The annual national School Breakfast Scorecard released last week by the Food Research and Action Center finds that on an average school day during the 2014-2015 school year, 60,605 low-income children in Utah participated in the School Breakfast Program, an increase of 818 from the previous year.
While this finding places Utah last in the country for school breakfast participation it does not illustrate, according to Utahns Against Hunger, Utah’s current efforts to provide students with a healthy breakfast each day.
The School Breakfast Scorecard measures the success of the School Breakfast Program at the national and state levels. The FRAC report found that on average 34.8 low-income children in Utah ate school breakfast for every 100 that received free or reduced-price lunch. Last year’s school breakfast participation increased 1.4% from the 2013-2014 school year but still ranked well below the national average of 54 low-income children who ate school breakfast for every 100 who ate school lunch.
A growing body of research shows that when children participate in the School Breakfast Program, it leads to improved dietary intake, reduced food insecurity, better test performance, and fewer distractions in the classroom. Not only are students missing out on these important benefits, but Utah’s low participation also means missed federal nutrition dollars. Increasing participation to 70 children receiving breakfast for every 100 who eat lunch – a goal some states have met – would lead to an additional 61,307 low-income Utah children eating breakfast each day, and an additional $16,079,276 in federal child nutrition funding for the state.
There is an effort underway in Utah to increase participation in the School Breakfast Program. The Utah Breakfast Expansion Team (UBET) was formed by Utahns Against Hunger in 2014 with the goal of improving Utah’s consistently poor participation in the School Breakfast Program. UBET is comprised of both private and public partners. The team is currently working on two strategies to increase breakfast participation. The first is the creation of a Utah School Breakfast Report outlining best practices for schools to improve participation. Reports of this kind have been used in many states and have proven to be an effective tool for promoting breakfast expansion. UBET’s second strategy is the collection of data through a survey probing parent’s attitudes and beliefs about the School Breakfast Program. The Utah School Breakfast Report will be released in spring 2016 and the parent survey will be administered during the same time.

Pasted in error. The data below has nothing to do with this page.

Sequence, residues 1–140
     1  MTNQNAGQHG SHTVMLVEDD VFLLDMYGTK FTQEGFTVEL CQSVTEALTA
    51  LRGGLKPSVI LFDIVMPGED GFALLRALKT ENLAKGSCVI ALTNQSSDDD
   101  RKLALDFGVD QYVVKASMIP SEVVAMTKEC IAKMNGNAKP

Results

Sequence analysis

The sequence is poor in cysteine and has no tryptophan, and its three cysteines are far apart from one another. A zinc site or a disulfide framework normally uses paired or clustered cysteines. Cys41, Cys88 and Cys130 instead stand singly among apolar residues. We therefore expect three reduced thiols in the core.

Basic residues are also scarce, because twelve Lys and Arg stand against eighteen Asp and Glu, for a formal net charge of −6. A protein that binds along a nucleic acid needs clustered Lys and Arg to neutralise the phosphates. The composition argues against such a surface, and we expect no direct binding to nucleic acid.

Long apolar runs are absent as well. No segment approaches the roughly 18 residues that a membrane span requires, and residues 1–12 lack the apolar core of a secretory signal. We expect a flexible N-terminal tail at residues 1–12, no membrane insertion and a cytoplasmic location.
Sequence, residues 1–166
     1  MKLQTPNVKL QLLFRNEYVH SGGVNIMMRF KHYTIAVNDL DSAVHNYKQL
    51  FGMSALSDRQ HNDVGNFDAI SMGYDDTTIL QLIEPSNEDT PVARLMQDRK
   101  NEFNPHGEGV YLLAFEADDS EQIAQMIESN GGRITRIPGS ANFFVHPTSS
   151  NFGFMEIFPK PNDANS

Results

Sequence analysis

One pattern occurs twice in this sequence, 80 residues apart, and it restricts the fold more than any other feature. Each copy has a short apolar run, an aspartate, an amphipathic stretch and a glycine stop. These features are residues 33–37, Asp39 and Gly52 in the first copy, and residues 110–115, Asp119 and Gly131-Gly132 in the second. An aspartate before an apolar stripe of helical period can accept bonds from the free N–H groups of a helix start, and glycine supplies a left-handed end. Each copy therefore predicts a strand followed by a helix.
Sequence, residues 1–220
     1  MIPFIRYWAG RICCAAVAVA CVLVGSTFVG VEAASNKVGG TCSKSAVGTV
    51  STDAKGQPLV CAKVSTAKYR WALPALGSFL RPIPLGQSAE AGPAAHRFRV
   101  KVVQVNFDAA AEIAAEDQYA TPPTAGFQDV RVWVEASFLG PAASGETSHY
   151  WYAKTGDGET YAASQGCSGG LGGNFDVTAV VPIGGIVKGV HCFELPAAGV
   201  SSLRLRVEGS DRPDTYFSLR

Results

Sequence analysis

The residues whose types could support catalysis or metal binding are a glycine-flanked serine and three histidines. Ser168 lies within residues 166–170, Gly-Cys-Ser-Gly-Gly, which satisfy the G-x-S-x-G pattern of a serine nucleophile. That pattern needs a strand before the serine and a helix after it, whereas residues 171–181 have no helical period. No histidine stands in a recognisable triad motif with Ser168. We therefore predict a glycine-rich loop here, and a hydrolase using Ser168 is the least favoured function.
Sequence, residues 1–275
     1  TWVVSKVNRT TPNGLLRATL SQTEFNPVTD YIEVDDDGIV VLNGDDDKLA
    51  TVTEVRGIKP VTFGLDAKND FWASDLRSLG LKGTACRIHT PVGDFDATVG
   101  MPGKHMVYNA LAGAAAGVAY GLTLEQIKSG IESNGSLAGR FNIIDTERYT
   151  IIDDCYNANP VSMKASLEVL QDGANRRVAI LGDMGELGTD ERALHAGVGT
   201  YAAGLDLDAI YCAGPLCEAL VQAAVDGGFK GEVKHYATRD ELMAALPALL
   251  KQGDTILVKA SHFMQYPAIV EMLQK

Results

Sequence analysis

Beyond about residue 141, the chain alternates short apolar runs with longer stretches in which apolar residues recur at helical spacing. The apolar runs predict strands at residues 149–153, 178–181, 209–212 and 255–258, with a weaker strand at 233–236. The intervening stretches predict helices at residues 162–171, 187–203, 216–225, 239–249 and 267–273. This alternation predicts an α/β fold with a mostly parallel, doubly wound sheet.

“Utah is below the national average in its rate of school breakfast participation among low-income students. Utah and its school districts need to consider implementing alternative breakfast models to make breakfast more accessible and to increase participation. Until this is done our students are missing out on the valuable impact breakfast has on health, educational achievement, and attendance,” said Marti Woolford, an advocate with Utahns Against Hunger. “Improving participation rates in breakfast is an obtainable goal and will lead to healthier and hunger-free children.”